Sleep Disorders That Hurt Relationships

Sleep disorders can take a toll on the emotional health of you and your partner. Find out how to keep poor sleep from wrecking your relationships.

It’s not so surprising that missing out on a good night’s sleep can harm your emotional health. But did you know sleep disorders can also take a heavy toll on your relationships?

In a study of more than 60 couples presented at the annual meeting of the Society for Personality and Social Psychology in New Orleans, researchers at the University of California, Berkeley found that not logging enough shut-eye can make you a less engaged and appreciative of your partner the next day. And since the quality of your relationship can also affect your ability to sleep well, experts think poor sleep may set up a vicious cycle.

“Sleeping poorly leads to behaving badly, [and] behaving badly, in turn, leads to sleeping badly at night,” says Wendy Troxel, PhD, a behavioral and social scientist with the nonprofit RAND Corp. and an adjunct assistant professor of psychiatry and psychology at the University of Pittsburgh.

Relationships and Sleep Disorders

For most sleep disorders, however, there are ways to break the cycle. In some cases, partners may even play key roles in helping their sleep-deprived spouses. Here’s a look at night-time problems that may be hurting your relationship — and how to stop losing sleep over them.

Obstructive Sleep Apnea

People with obstructive sleep apnea briefly stop breathing many times during the night because their airway has become blocked or collapsed, and they almost always snore loudly. They may also snort and gasp as they start breathing again after an apnea episode, yet they aren’t even aware of what’s happening.

“This has actually been called a disease of listeners because the bed partner is just as affected as the patient themselves,” Troxel says.

Sleep apnea keeps people who have it, and often their partners, from getting enough rest. As a result, you’re more likely to be drowsy during the day and may be at higher risk for auto- or work-related accidents. Sleep apnea also increases the risk for chronic health problems like diabetes, cardiovascular problems, and obesity.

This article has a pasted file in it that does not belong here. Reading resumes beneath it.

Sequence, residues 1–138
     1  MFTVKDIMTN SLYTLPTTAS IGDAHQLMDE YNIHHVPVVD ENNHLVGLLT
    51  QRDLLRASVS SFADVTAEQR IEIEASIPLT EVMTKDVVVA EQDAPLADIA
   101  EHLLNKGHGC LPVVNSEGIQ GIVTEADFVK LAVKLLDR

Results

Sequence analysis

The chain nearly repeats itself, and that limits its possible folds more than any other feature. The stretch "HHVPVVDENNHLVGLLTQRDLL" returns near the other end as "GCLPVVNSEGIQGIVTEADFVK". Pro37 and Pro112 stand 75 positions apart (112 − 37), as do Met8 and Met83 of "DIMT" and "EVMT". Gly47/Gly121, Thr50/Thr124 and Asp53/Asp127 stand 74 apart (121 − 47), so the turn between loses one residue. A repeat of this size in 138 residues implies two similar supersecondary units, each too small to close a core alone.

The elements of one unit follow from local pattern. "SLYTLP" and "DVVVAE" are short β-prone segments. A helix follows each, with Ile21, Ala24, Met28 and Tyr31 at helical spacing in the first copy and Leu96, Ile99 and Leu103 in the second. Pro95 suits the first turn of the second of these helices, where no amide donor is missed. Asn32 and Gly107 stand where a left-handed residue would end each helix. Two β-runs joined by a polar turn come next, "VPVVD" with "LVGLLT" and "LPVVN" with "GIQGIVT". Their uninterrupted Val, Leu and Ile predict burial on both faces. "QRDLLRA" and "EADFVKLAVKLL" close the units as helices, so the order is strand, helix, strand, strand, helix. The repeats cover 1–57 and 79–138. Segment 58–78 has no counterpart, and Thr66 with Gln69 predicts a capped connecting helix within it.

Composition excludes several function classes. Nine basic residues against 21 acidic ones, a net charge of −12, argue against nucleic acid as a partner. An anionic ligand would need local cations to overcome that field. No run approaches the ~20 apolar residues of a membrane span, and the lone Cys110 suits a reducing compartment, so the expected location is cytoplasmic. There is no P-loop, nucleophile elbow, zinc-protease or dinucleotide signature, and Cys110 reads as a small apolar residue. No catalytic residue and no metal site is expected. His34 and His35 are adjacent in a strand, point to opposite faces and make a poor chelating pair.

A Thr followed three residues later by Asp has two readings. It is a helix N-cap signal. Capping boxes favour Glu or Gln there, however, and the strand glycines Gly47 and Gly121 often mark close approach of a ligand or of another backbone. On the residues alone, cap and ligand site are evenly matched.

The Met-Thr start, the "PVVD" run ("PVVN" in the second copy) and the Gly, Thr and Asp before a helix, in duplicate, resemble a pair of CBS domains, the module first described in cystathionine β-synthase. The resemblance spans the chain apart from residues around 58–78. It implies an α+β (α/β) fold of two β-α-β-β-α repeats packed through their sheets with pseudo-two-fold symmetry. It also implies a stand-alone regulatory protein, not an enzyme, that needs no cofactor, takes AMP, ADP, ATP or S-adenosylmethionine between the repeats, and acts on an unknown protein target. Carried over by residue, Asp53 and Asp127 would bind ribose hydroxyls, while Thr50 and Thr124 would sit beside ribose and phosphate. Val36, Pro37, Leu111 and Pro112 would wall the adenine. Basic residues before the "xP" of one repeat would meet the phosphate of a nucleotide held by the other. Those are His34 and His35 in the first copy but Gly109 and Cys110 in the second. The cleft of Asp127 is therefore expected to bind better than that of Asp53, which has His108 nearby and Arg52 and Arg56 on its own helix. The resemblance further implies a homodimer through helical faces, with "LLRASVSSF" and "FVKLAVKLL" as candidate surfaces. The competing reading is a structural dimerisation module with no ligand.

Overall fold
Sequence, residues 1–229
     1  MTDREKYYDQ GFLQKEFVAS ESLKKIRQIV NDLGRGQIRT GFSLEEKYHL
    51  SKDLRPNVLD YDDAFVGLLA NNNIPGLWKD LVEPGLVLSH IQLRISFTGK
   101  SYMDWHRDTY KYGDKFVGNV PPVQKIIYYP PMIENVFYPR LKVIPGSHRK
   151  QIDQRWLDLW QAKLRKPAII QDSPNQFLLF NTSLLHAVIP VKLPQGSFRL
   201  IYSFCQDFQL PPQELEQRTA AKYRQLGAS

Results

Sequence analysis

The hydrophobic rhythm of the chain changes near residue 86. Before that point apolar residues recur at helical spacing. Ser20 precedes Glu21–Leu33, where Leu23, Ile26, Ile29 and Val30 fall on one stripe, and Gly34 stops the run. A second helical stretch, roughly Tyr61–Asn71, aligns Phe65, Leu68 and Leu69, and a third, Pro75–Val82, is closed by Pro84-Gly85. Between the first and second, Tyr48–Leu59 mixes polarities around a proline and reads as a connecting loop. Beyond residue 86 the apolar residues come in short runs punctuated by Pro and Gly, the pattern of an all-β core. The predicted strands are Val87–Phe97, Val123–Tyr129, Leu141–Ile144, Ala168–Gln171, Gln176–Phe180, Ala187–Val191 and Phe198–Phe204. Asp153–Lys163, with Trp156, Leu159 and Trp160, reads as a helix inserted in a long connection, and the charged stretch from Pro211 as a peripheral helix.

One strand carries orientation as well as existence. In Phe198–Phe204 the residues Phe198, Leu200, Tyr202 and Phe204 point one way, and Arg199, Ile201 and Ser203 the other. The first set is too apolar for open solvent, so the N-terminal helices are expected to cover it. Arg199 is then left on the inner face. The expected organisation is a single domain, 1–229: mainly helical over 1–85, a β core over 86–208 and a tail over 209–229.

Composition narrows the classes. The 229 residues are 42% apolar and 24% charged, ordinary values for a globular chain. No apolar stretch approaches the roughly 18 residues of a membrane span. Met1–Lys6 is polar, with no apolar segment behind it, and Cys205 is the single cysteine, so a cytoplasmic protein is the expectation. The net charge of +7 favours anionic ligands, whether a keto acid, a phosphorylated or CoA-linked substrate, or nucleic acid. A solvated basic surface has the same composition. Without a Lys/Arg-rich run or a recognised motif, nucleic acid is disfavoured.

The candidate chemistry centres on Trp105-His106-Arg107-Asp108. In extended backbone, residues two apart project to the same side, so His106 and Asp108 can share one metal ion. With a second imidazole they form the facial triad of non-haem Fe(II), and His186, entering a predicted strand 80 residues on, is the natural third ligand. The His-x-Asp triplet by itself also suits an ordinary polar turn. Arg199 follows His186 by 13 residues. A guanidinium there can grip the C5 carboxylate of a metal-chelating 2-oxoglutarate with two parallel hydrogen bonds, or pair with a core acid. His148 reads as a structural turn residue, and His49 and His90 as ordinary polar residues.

A less discussed consequence of sleep apnea may be the toll it takes on a person’s sex life. People with sleep apnea may lose interest in sex because they’re too tired or depressed to keep the spark alive. Men with sleep apnea can also develop erectile dysfunction. However, according to a study of 80 men with erectile dysfunction and sleep apnea published in 2012 in the International Journal of Clinical Practice, researchers in Egypt found that treatment with continuous positive airway pressure, or CPAP, for at least three months significantly improved erectile function.

“There’s a really important role here for partners to speak up,” Troxel says. In fact, in a survey of 124 patients presented at the 2012 annual meeting of the American College of Chest Physicians in Atlanta, researchers from the University of Saskatchewan found that people who said their sleeping partner had elbowed them awake because they were snoring were more likely to have sleep apnea than those who said they’d never been similarly nudged at night.

If your spouse could pass “the elbow test,” encourage him or her to see a sleep medicine specialist for help. Appropriate treatment will not only help you get more sleep but also reduce the risk for serious health problems for your partner and restore your sex life.